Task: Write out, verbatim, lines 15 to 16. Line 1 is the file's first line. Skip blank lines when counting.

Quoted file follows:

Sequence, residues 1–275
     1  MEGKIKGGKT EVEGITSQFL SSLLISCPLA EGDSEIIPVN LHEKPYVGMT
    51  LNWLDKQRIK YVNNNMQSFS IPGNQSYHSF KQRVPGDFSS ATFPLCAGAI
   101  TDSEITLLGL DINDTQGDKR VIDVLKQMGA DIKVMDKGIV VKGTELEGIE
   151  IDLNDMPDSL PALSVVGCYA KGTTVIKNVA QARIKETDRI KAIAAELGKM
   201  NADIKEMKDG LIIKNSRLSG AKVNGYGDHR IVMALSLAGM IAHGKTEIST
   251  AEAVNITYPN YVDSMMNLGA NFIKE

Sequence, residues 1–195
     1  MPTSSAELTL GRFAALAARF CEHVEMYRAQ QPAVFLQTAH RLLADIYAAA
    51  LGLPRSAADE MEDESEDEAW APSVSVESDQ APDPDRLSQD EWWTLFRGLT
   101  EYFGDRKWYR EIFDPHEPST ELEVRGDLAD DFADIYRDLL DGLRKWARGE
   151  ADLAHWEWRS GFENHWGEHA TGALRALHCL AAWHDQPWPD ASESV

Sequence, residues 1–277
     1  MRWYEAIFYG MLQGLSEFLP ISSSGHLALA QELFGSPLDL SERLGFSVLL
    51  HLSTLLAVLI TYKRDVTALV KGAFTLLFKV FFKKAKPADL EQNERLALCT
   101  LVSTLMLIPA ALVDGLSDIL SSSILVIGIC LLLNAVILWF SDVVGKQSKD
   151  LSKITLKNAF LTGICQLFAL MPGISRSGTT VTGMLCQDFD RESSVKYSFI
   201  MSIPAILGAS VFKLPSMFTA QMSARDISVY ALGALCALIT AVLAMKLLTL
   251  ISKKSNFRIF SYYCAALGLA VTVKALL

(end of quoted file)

    51  HLSTLLAVLI TYKRDVTALV KGAFTLLFKV FFKKAKPADL EQNERLALCT
   101  LVSTLMLIPA ALVDGLSDIL SSSILVIGIC LLLNAVILWF SDVVGKQSKD